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A Road 67 Years in the Making!     

By Ron Zeitz

The historic Natchez Trace Parkway is finished, after 67 years of construction.

Why in the world would it take 67 years to build this Parkway?

Well, the Natchez Trace Parkway isn’t just any old road. This beautiful 444 mile-long Scenic Byway is the seventh most visited site in the National Park System. Almost twice as many people in 2003 saw it as those who visited either the Grand Canyon, Yellowstone or Yosemite National Parks. So it was only appropriate that the completion of this Tri-State Parkway be celebrated by a day-long gala, with events and speakers recounting the importance of the road’s opening and the hard work it took to finish the project.

All this happened on May 21, in Natchez, Mississippi, the southern terminus of the Parkway. Even though the temperature was close to 90 degrees, more than 1,000 people turned out to enjoy the festivities. They were joined by FHWA Administrator Mary Peters, National Park Service Director Fran Mainella, United States Senators Thad Cochran and Trent Lott, and District 3 Congressman Chip Pickering, as well as other federal, state and local officials.

The day actually started about 80 miles north of Natchez, in Clinton, Mississippi, just outside the capital city of Jackson. There, dignitaries dedicated the new Clinton Visitor’s Center, now accessible directly from the Parkway by a new side road.

After the ceremony, about 100 cars lined up to drive to the end of the Parkway in Natchez. Some of the cars were restored antiques, including a 1939 Mercury convertible and a 1948 Chrysler sedan. About two hours later the caravan reached the end of the Parkway.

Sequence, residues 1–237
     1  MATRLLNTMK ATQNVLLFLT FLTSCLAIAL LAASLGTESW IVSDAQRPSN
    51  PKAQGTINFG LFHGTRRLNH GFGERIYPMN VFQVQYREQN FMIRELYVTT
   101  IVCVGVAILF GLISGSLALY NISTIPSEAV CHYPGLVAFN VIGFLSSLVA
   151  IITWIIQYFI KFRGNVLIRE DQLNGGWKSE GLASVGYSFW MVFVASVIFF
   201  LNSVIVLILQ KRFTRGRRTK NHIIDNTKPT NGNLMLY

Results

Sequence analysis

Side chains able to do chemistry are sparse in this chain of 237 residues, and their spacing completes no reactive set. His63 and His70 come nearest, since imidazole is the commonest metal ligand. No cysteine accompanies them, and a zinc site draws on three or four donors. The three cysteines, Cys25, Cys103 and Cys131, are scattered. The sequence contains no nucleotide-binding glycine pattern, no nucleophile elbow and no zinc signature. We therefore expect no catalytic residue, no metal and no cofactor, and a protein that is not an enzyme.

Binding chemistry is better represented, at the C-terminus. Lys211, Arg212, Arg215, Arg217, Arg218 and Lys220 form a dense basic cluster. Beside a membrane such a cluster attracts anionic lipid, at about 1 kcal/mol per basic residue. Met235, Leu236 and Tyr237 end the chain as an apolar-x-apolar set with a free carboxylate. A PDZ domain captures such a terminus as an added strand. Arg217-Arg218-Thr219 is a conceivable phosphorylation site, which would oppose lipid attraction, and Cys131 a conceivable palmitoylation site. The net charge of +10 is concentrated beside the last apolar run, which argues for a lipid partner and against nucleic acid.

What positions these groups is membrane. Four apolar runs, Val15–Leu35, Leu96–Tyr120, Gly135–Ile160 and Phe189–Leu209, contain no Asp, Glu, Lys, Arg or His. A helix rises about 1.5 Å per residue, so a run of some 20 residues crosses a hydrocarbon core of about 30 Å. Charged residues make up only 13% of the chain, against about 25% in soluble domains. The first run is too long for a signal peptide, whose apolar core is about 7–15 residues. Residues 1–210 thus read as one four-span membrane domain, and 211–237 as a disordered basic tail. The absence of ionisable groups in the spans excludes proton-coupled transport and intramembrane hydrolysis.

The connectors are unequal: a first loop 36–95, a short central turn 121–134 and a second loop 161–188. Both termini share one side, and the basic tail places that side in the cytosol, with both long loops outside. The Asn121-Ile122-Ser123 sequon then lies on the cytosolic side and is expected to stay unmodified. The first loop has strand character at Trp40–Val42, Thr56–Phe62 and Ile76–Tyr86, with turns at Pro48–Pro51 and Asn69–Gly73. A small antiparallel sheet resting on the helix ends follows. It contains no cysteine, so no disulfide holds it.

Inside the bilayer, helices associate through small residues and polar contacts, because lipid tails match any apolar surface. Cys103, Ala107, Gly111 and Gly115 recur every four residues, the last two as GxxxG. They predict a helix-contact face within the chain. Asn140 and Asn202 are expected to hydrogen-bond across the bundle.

At the dedication ceremony, Administrator Peters received a large round of applause when she remarked that, with the completion of the Parkway, “. . . the five million tourists that now visit the Parkway will likely double in the next few years.”

But the remark that brought down the house (and another loud round of applause) was when the Administrator, turning to Senators Lott and Cochran, said “. . . and if these two Senators can see their way clear to send us some more money, I promise that next time I visit I’ll ride my Harley through the downtown streets of Natchez.”

After the ceremonies, folks were invited to a reception at Melrose, a restored plantation complex in downtown Natchez, where they could see some of the restored antique cars up close and view a video of some of the earlier construction techniques used on the Parkway.

And why did it take so long to complete the Parkway? Construction on the Parkway started in 1938. Three years later, World War II erupted, halting any further construction. After the war ended, it picked up again, only to be interrupted again by the onset of the Cold War and budgetary restrictions. The on-again, off-again availability of construction funds further delayed its completion until a program instituted in 1956 produced a further surge in available funds. But it was through the combined efforts of the FHWA, Parkway Superintendent Wendell Simpson and the two Mississippi Senators, Cochran and Lott, that the final $71.5 million was made available to complete the last 25 miles.

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